The parenting style has changed. As Peter Gray wrote in Psychology Today last year, the increase in teenage suffering “occurred at a time when young people were increasingly being supervised, guided and protected by adults”. He argues that “the pressure and constant monitoring and judgment of adults, coupled with a loss of freedom to pursue their own interests and solve their own problems, leads to anxiety, depression, and general dissatisfaction with life.” And when we are concerned about continuous surveillance, Covid has only made the problem worse.

That’s not to say parents are the whole story. I’m open to the smartphone thesis (and the secularization thesis and the political thesis) as the primary explanation for teenage unhappiness, but I’m not convinced the kids will ever be fine as long as mom and dad suffer on their own deep problems. Helicopter parenting is potentially suffocating on its own, but it must be incalculably worse when the soaring parent is gripped by anxiety and worry.

So what to do? I don’t want to make parents even more scared of their own fear, but to the extent that our mental health is rooted in factors beyond our direct control – a particularly salient point when considering national politics – it might be worth it to ask a simple question: How much fear and anxiety should we import into our lives and homes? Forget teenagers for now. Are We up to the information age?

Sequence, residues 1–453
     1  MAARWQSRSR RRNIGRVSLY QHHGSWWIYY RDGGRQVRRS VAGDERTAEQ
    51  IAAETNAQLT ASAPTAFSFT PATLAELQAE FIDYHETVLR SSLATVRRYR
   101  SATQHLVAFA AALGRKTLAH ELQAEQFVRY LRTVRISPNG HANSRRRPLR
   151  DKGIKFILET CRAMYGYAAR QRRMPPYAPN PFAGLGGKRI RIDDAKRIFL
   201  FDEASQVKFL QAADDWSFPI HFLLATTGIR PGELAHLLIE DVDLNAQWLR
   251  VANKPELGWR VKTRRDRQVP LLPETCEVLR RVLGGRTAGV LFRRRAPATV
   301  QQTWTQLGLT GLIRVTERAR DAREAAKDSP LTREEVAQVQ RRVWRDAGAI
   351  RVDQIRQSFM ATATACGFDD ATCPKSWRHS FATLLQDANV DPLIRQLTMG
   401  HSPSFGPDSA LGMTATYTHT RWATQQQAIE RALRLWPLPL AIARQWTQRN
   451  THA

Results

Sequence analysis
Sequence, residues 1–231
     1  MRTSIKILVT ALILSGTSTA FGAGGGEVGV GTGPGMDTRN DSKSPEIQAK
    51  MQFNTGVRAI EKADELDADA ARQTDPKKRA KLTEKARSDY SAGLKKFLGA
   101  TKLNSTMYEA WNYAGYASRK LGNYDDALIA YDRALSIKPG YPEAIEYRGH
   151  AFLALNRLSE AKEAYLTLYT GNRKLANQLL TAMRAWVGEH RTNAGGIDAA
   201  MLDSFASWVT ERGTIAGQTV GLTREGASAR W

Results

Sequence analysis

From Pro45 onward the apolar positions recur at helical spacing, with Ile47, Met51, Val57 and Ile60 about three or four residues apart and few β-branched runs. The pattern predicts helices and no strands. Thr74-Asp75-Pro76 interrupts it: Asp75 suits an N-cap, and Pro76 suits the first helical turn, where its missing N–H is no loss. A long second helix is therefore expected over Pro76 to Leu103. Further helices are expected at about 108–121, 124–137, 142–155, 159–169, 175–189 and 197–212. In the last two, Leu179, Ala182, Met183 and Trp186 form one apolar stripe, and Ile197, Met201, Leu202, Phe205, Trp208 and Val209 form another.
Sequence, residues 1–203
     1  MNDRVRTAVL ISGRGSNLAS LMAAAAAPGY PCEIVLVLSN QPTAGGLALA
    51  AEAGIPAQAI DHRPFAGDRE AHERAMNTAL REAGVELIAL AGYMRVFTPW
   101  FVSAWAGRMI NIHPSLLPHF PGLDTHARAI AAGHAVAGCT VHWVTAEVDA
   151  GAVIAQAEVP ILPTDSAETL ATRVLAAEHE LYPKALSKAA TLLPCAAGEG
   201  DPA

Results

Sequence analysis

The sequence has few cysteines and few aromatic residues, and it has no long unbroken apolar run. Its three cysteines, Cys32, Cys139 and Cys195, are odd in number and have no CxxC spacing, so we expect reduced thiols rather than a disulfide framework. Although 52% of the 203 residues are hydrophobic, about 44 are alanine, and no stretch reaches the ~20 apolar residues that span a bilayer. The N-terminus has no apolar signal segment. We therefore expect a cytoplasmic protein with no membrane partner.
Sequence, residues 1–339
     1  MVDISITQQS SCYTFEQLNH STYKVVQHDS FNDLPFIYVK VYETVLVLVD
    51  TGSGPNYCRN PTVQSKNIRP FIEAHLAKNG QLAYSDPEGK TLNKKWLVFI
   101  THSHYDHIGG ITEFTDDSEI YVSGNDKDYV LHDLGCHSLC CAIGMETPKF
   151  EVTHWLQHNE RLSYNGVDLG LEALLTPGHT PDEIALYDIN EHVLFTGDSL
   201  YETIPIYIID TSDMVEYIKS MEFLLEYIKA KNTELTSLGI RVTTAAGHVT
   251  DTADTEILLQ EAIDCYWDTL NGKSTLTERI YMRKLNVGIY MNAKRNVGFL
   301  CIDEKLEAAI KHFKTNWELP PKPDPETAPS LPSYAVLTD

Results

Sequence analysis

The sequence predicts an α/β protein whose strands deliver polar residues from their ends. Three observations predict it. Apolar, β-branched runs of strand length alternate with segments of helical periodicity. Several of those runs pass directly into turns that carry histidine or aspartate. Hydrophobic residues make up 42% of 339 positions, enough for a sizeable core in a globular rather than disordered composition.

That’s a question I honestly ask myself. I know that my online experiences feed into family life. I know my fear can radiate outward to affect my children. Our own addictions—to alcohol or drugs, yes, but also to information and outrage—can devastate our families. I often think of the poignant words of a British pastor named Andrew Wilson (that, yes, I saw it on Twitter): “One of the things that struck me on my last two visits to the US was how painful the culture wars have become for many, many people. Online, combatants appear to be enjoying (or even monetizing) the fight. But on the spot you can see the pain, the confusion and the tiredness.”

Now is the time for us to recognize that our hurt can become our children’s hurt, and if we want to heal our children, this process can begin with seeking the help we need to heal ourselves heal.